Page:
We finish up early at the Taj and my train isn’t until 5.30pm so we have serious time to kill. We decide to do it in style and head to the poshest hotel we can find. We drag out our drinks for 4 hours and I can’t help but think how different travelling through India would be with money, how you could avoid the harder things and just see the beautiful. It’s nice to taste this for a short while.
I get to the train station super early (and a little tipsy), to give myself plenty of time to find the train and the right carriage. There’s no comms but 4 hours later I am still there in the dark, hoping that it will turn up at some point. I drop my guard for only a matter of minutes before I notice that my train has pulled in 4 platforms away, no idea how long it’s been there, no way I can make it up the steps and over in time, no way I am missing it. Only one option, run across the tracks. So with flip flops on and 25kgs of bags I scramble down to the rat infested tracks and back up onto the platform in a sort of camo roll kind of way four times, then I leg it all the way along the train searching for my carriage. It’s all kinds of chaos but I run on just as it starts to pull away. I feel like I am in a movie…it’s pretty cool. I am shattered though so it’s head down once more but not fully because there is no way you know when you will arrive at your destination so I set my alarm for 5 hours later and hope for the best.
I arrive in Jaipur Rajasthan at 2.30am. This is not ideal EVER. To avoid worrying my Dad too much I won’t go into much detail but its is probably the most uneasy and outright scared I have felt during any of my travels, but I go with my instincts and I make it to my hostel in one piece way too wired to sleep. The roller coaster is definitely on the move and as morning comes I have my second up of the trip. There are very few hostels in India, they are mainly guesthouses, but here in this rare hostel I meet a great crew and my trepidation starts to ease and I start to open myself up to what India can give me. I set out to Jaipur Old city and not for the first time I notice the physical contact between men here. Men of all ages walk the streets holding hands or with their arms round each other, they hug and touch each others faces, always smiling to each other. It’s really really sweet. It takes me a while to understand this display but I arrive at the thought that because there is no physical contact between men and women pre-marriage, this is how men fulfil that basic human need. I understand this because I am a massively physical affection fan. I can’t imagine a life without it, to be honest I could do with a hug right now. People seem really close here and it feels very different to the harshness of Delhi. As I roam the old city I am stopped a number of times and asked for a ‘snappy’ photo, I say no to the men but if its a family I give in. Heaven knows how many random Indian people have a picture of me.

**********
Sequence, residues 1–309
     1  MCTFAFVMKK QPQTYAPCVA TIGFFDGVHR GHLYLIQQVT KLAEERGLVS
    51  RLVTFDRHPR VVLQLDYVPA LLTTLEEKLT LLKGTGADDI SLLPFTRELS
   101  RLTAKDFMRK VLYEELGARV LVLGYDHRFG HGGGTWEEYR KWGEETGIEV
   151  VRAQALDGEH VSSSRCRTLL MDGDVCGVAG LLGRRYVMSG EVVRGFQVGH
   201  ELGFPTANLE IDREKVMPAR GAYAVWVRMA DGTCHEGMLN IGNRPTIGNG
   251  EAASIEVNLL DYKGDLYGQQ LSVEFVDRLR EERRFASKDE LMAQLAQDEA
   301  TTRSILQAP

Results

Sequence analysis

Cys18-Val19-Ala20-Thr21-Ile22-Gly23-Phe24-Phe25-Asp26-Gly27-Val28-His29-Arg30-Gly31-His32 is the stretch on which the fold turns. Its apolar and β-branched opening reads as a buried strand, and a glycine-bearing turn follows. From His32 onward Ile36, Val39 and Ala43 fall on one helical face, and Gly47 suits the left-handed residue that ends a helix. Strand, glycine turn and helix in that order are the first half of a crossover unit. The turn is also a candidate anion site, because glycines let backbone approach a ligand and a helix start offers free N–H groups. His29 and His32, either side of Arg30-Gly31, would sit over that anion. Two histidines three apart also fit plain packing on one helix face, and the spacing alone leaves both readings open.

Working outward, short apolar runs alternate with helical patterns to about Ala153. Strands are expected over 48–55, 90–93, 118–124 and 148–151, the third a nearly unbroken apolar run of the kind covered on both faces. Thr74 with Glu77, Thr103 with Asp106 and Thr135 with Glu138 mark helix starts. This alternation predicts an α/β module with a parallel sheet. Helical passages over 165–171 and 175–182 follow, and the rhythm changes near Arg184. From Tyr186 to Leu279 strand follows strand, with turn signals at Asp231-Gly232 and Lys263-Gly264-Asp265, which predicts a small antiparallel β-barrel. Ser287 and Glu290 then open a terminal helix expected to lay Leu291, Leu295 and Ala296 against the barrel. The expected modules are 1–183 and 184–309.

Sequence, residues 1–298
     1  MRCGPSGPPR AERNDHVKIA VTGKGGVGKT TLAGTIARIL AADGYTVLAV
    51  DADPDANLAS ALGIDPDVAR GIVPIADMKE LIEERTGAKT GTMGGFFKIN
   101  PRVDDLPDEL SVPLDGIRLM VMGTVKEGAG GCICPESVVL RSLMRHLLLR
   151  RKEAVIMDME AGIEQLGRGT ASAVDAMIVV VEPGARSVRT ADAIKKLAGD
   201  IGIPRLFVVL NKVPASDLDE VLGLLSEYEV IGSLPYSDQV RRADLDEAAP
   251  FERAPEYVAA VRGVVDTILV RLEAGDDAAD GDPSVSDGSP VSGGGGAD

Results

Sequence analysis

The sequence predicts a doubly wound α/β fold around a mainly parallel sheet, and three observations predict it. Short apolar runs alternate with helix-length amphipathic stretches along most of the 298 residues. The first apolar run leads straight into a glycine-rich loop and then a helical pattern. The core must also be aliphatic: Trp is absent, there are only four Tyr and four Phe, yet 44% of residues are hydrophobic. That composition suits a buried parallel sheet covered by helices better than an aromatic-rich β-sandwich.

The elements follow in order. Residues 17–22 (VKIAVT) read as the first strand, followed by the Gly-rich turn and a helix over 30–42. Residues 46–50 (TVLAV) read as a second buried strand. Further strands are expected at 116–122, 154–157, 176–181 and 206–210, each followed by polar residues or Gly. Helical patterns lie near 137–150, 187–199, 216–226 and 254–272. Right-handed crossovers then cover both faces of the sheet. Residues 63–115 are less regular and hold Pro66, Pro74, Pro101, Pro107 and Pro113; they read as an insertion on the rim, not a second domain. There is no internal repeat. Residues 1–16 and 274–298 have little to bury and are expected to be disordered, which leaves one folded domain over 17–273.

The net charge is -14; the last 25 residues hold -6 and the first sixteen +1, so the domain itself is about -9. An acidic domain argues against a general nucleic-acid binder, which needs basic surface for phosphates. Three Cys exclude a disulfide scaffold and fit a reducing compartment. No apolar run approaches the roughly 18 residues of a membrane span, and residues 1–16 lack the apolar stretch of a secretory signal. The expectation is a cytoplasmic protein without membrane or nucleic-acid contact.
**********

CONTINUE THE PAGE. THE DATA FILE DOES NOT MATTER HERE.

We head off to the Amber Fort and it’s spectacular. It’s the first time I feel like I am in the real India. Elephants and camels roam the streets and the magnificent fort takes you back in time. I love it here and I start to get excited about the rest of my trip. I am also starting to ‘get it’ a bit more,the people,the culture, the stares, the apprehension of local people and how to get by here.
Due to overspending my time in Delhi I feel like I have to keep the momentum going, which is hard when you meet good people. Fortunately one of the guys is also ready to hit the road so the next day we are once again at a train station awaiting a delayed train. Now I am more relaxed I am determined to interact with the locals to get the most out of the country, and a station platform is perfect for that, no one’s going anywhere yet. So me and my buddy make an effort to smile and take photos. unfortunately our camera batteries die and I am left pulling faces at the kids. When you just look at someone, they stare coldly back, if however you give them your biggest wattage smile, you might be lucky. We were, and all of a sudden the atmosphere has changed. It’s like a switch and I wish I has pressed it earlier. On the train I sit next to Abid a 23 year old Hindu and we have a good chat. He is working as an Engineer in Mumbai. It’s hard for guys to meet girls in this field as 98% of students are men. I was lucky enough to see what a student night is like at these Universities (on a lap top) and although it looks like ridiculous fun, it is just guys. Abid has until he is 28 to get married or he is officially on the shelf. It’s the same for the girls, but not many people get to that age single. Abid has been away from his family for 6 months and wonders if they will recognise him now he has grown a moustache. We exchange details and say we will keep in touch. Things are definitely on the up. I feel like I have been in India for a month already and I know that this happens when you are so far out of your comfort zone every minute feels like an hour. Travelling is my answer to slowing down time, and that is a huge gift. Sink or swim? Right now I am swimming but I am clinging on to a rubber ring with one hand.
To be continued….